27-05-2010   -   Physics

Wed 26 May 2010 Physicists Develop a Quantum Interface Between Light and Atom. The quantum interface which connects light particles and atoms is based on an ultra-thin glass fiber and is suitable for the transmission of quantum information. This is an essential prerequisite for quantum communication which shall be used for secure data transmission via quantum cryptography.more

  13-05-2010   -   Biology

Thu 13 May 2010 Stem Cells: In Search of a Master Controller. With thousands of scientists across the globe searching for ways to use adult stem cells to fight disease, there's a growing emphasis on finding the "master regulators" that guide the differentiation of stem cells. New research from Rice University and the University of Cambridge suggests that a closely connected trio of regulatory proteins fulfills that role in hematopoietic stem cells (HSCs), the self-renewing cells the body uses to make new blood cells. Bioengineers Oleg Igoshin and Jatin Narula created a computer model that accurately describes the observed behavior of the three regulatory proteins that are collectively known as the "Scl-Gata2-Fli1 triad." more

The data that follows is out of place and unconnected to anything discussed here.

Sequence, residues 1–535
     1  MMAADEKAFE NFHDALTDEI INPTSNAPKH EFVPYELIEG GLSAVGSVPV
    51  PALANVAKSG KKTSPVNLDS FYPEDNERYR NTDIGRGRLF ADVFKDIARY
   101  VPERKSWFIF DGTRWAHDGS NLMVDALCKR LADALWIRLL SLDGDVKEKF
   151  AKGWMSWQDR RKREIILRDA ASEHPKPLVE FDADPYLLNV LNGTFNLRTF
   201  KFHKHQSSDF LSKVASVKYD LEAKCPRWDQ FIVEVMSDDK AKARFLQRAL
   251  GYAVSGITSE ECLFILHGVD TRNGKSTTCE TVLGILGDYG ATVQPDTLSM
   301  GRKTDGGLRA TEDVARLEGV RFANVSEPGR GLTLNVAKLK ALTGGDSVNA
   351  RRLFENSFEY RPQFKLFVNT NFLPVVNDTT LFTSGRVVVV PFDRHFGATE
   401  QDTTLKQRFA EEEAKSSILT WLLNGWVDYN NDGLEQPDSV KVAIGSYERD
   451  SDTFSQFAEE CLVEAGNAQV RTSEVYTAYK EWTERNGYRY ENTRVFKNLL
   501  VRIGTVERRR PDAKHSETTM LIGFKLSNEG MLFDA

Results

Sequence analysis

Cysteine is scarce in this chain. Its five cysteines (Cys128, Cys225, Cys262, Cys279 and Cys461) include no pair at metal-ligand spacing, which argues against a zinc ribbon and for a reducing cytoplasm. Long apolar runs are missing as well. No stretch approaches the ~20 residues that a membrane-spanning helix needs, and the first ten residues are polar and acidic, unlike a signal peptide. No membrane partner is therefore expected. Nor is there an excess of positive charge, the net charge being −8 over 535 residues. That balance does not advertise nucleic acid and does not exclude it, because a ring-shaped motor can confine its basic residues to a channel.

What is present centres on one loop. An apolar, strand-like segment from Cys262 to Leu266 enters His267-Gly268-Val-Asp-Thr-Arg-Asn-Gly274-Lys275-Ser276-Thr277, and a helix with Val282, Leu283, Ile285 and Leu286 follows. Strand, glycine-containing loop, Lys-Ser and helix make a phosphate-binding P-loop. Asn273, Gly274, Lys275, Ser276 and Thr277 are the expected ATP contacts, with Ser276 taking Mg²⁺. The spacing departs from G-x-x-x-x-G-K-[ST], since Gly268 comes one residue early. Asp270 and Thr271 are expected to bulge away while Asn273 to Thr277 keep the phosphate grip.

13-05-2010   -   Physics